A new study published in the academic journal Psychology of Popular Media shows a strong connection between watching a lot of violent media, finding media violence humorous, and having dark personality traits. Importantly, the research predicts how this connection might lead to actual violence and aggressive behavior.
“We noticed there was a gap in the research literature concerning traits of people who find humor in entertainment media,” says Craig Anderson, a faculty member at Iowa State University and one of the authors of the paper. “An obvious place to start was to see whether dark personality traits predict who will find entertainment media humorous.”
To study this, Anderson and his colleagues conducted a pair of survey-based experiments that focused on seven dark personality traits. The first four traits, referred to as the ‘Dark Tetrad’ by psychologists, are as follows:
- Narcissism, which includes grandiosity, entitlement, and self-centeredness
- Machiavellianism, which includes cynicism and manipulative social tactics
- Psychopathy, which includes callousness, impulsivity, and antisocial behavior
- Sadism, or the tendency to find harming others pleasurable
The other three traits they explored are also associated with antisocial behavior. They are:
- Moral disengagement, or a tendency to “turn off” one’s moral compass to avoid the consequences of immoral behavior
- Spitefulness, or the tendency to harm oneself in order to harm other people
- Schadenfreude, which involves finding pleasure in another person’s misfortune or pain.
The researchers found that six out of the seven dark personality traits were associated with the tendency to find humor in violent entertainment media. Only narcissism appeared to be unrelated.
They also observed a desensitization-type effect, whereby the more exposure one had to media violence, the more likely they were to find humor in it and the more likely they were to exhibit moral disengagement (i.e., “turning off” their moral compass).
In other words, while certain personality types may be drawn to media violence more than others, mere exposure to violent media can have a desensitizing effect on all of us.
For someone who has noticed a tendency to find humor in violent media in themselves or a loved one, Anderson has the following advice:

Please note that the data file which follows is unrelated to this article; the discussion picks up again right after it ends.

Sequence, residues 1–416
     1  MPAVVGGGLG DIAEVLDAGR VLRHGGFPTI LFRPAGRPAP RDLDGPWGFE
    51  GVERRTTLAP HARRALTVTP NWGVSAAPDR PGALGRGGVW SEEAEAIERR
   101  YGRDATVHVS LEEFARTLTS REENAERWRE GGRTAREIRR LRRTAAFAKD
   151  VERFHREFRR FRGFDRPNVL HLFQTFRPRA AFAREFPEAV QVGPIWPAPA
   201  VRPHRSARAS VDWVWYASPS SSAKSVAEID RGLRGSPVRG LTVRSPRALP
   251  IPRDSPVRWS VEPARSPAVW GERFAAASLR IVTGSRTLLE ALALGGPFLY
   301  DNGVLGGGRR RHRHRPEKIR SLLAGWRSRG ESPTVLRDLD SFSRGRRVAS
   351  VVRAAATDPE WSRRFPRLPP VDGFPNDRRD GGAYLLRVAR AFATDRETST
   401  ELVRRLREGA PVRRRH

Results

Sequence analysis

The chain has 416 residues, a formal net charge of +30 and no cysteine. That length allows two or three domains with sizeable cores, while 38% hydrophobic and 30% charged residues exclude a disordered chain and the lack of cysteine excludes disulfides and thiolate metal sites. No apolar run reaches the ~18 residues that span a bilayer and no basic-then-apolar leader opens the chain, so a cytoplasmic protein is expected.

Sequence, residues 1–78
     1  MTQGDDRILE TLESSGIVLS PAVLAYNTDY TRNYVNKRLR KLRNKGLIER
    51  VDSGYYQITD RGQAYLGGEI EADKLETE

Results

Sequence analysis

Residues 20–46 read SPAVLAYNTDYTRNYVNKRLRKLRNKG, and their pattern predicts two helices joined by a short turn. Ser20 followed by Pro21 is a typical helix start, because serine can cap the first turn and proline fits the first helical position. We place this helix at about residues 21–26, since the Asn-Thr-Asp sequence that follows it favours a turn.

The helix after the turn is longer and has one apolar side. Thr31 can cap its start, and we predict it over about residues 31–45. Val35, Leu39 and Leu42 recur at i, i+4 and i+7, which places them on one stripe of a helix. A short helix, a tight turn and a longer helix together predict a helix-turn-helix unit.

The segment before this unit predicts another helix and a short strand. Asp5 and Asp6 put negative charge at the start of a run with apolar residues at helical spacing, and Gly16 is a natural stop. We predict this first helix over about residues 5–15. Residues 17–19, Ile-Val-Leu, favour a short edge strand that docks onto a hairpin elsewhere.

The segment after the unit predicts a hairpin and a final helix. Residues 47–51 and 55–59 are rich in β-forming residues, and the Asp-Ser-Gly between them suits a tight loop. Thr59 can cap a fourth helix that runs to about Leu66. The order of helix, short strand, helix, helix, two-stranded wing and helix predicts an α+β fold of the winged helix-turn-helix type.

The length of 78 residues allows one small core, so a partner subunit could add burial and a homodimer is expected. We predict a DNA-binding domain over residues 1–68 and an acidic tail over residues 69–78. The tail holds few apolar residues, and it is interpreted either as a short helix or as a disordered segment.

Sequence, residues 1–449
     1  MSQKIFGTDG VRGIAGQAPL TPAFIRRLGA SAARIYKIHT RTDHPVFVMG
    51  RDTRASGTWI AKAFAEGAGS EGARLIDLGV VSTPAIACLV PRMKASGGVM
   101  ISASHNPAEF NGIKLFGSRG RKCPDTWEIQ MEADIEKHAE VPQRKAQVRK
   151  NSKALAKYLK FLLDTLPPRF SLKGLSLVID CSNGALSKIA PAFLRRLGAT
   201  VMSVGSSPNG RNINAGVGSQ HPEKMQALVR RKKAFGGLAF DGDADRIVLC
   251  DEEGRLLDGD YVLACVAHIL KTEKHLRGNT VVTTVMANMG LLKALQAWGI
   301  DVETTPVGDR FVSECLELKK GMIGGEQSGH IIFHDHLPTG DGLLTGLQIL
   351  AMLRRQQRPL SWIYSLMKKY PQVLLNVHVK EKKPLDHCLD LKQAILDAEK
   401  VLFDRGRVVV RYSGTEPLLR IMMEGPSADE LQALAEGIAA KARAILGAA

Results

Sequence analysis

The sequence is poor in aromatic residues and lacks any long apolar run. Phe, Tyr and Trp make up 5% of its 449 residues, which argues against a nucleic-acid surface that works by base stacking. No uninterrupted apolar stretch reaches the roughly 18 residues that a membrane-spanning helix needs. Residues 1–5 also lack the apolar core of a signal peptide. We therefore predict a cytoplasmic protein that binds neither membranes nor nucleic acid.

“At this point in time, there is very little research linking finding humor in media violence to later real-world aggression and violence,” explains Anderson. “The state of the research literature does show that a fascination with weapons and violent incidents, and high exposure to media violence, does predict both mild and extreme acts of violence. But, that is not the same thing as finding humor in violent entertainment media.”
Having mentioned that, Anderson gives two critical pieces of information on the subject:
- Parents of children from age 5 to 21 should be concerned if those children find violence that they see in all types of media, including news reports of real-world violence, to be funny and not distressful.
- If that is the case, then that is a sign that the media habits of the family need to be altered and that the family needs to do a better job of teaching children prosocial family values rather than antisocial ones. Interestingly, superhero violence also is harmful to children’s development of appropriate social values and feelings of well-being.
Another point raised by Anderson is that there is other research showing that video games with prosocial themes can, over time, lead to improved socialization and emotional development and can decrease the likelihood of antisocial behavior.
“Please note that some supposedly prosocial games, especially games in which the ‘hero’ destroys the bad-person enemies, are actually harmful to players,” warns Anderson. “The main reason is because what those games actually teach is that physical violence is good and the first thing to try when faced with an interpersonal dispute.”
According to Anderson, truly prosocial games can teach people to devise nonviolent solutions to conflict, and can therefore result in improved interpersonal relationships.
A full interview with Craig Anderson discussing his research can be found here: Does finding media violence funny mean you have a dark personality?